Economic Update: 2023 Review
What a difference a year makes. After a bear market in everything in 2022, markets roared back with a vengeance in 2023 – though admittedly the ride was more than a little bumpy along the way. As 2023 began, nearly all professional forecasters were calling for a recession to hit at some point during the year. And yet, despite a continued increase in interest rates, rising geopolitical tensions, dysfunction in DC, and the worst bout of stress to the banking system since the Great Financial Crisis (GFC), the U.S. economy shrugged it all off and continued to steam ahead. As we look back on the year that was, it’s worth remembering many of the events that could have derailed the economic and market train over the course of the year. The war in Ukraine raged on, marked by offensives and counteroffensives, only for the conflict to remain mired in a stalemate. Hamas' attack on Israel on October 7 reignited long-standing tensions in the Middle East with potential global implications should it turn into a broader regional conflict. Republicans required fifteen ballots before finally reaching a consensus that Kevin McCarthy should replace Nancy Pelosi as the Speaker of the House in the 115th Congress, only to see him unceremoniously removed in the fall. Donald Trump became the first president – sitting or former – to face criminal charges in federal court. Markets were roiled by the worst banking crisis since the GFC of ’07-’09. Regulators were forced to step in to protect depositors after the seemingly overnight failures of Silicon Valley Bank and Signature Bank. First Republic Bank failed a few weeks later, marking the second largest bank failure in U.S. history. Credit Suisse, a storied Swiss bank with global operations, also succumbed to the stress, ultimately being absorbed by rival UBS. Artificial intelligence became all the rage, with virtually every company quickly rolling out its strategic approach to generative AI. After the fastest tightening cycle in history, the Federal Reserve felt enough progress had been made on the battle against inflation to pause rate hikes, setting up a potential pivot in 2024. Most importantly, through it all, the most anticipated recession in history that was forecasted to begin in 2023 never materialized. Markets were choppy throughout the year, but anticipation of a Fed pivot just around the corner led to a sharp Santa Claus rally, with the S&P 500 closing out the year up 26.3%1. The importance of the year-end rally cannot be understated. Prior to the rally that began in earnest in November, the median return for a broad spectrum of asset classes2 was -1.1% for the year. By December 31, that median return had risen to 12%, with commodities left behind as the only major asset class to finish the year in the red. The year-end rally also saw a substantial increase in market breadth, with the number of stocks in the S&P 500 trading above their 50-day moving averages surpassing 90% for the first time since June 2020.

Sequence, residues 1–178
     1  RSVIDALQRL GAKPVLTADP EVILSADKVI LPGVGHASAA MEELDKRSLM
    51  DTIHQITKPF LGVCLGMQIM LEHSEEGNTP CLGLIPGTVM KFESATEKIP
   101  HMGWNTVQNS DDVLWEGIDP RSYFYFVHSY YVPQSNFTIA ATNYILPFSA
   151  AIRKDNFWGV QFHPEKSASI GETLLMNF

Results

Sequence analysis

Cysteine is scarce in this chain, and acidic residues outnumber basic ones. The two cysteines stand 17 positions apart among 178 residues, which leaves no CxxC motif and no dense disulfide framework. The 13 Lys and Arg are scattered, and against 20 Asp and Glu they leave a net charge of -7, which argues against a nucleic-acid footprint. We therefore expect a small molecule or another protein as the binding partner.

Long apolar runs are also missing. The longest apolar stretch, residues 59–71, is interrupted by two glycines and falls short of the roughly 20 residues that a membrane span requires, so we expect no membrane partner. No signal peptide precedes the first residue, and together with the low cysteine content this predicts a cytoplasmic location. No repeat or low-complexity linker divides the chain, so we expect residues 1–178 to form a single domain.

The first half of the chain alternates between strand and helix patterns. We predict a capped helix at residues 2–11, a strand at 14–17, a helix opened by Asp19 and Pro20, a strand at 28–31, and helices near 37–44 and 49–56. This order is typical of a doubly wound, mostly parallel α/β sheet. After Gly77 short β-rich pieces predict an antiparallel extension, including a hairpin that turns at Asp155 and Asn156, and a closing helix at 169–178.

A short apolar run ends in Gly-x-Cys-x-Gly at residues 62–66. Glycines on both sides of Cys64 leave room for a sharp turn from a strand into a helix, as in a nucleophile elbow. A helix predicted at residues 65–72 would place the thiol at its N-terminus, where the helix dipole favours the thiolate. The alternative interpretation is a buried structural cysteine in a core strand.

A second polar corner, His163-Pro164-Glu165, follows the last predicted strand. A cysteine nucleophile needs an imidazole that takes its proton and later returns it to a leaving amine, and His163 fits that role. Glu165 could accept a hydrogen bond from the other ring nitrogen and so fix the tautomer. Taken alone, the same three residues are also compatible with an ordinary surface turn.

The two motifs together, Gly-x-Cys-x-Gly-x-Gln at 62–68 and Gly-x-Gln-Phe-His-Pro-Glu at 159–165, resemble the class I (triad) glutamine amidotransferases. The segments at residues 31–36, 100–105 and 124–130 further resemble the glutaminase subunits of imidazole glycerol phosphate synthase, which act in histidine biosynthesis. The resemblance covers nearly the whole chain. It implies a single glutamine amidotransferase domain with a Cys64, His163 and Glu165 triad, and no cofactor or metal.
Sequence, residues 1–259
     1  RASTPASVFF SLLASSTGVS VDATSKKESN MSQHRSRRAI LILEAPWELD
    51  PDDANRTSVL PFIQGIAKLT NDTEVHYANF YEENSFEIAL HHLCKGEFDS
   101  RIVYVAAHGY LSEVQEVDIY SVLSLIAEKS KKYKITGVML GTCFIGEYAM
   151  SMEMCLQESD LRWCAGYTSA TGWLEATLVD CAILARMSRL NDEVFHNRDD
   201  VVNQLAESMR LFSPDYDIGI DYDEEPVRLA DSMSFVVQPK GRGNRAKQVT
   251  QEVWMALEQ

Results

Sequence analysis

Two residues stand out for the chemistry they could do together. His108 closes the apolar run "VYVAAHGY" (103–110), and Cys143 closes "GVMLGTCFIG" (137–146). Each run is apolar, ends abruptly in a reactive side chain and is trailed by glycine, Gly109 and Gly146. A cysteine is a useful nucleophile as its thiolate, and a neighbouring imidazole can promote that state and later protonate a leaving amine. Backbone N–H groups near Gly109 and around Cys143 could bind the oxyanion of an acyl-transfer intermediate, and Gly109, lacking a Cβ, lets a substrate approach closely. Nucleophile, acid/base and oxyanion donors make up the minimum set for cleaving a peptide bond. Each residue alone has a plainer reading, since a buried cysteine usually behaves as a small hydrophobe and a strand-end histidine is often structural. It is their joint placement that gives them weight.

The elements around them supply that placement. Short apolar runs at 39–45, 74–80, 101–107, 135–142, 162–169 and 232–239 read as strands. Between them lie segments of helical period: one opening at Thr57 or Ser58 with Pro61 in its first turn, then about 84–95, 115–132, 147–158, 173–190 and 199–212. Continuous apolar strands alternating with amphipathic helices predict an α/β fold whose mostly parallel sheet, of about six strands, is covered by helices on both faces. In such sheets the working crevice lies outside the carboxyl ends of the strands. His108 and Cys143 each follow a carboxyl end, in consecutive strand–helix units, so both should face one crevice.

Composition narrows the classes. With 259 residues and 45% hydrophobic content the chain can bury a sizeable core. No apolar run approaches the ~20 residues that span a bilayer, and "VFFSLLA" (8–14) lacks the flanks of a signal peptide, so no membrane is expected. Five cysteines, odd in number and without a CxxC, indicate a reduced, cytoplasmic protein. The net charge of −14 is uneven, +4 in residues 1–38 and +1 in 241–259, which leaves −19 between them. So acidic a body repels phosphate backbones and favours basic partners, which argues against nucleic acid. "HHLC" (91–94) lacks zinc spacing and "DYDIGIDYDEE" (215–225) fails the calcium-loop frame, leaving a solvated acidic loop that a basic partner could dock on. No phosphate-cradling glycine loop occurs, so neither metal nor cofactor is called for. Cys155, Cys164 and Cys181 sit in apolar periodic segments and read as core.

Green as far as the eye can see. Looking at a cross-section of stock market returns for 2023, 2022’s sea of red was replaced by an ocean of green. Driven by the Magnificent Seven for much of the year, the S&P 500, the bellwether for US stock returns, finished 2023 up 26.3%. Small cap stocks did not participate much in the rally until the final quarter of the year, but the Russell 2000 still finished 2023 up a respectable 16.9%. Thanks to the year-end rally, all nine Russell and S&P style boxes finished the year up more than 10%. U.S. equity performance varied widely by style however, with enthusiasm around artificial intelligence leading to one of the largest annual gaps between growth and value on record. Growth stocks soared throughout the year, with the Russell 1000 Growth Index finishing the year up an eye-popping 42.7%, making double digit returns for value stocks seem pedestrian by comparison. The Russell 1000 Value Index climbed 11.5% for the year, trailing its growth counterpart by a whopping 31.2% - in the history of the indices since inception in 1987, only 2020 saw growth outperform value by a higher margin. As can be expected when the style returns diverge so significantly, performance also varied widely across sectors and industries. Information Technology and Communications stocks were the biggest winners in 2023, with the Tech sector up 56.4% on the year and the Communications sector nipping at Tech’s heels, up 54.4%. Consumer Discretionary was the only other sector that outperformed the S&P 500 Index as a whole, up 41.0% for the year. Within these sectors, technology was the driving theme; the stocks contributing the most to the index’s return outside of the formal Information Technology sector were Meta and Alphabet in Communications and Tesla and Amazon in Consumer Discretionary. Utilities stocks were the major laggards, with the sector down -10.2% for 2023. Energy also took a breather after experiencing the best year for the sector’s performance since 1980 in 2022, closing out 2023 down -4.8%. Consumer Staples also finished the year slightly in the red, down -2.2%.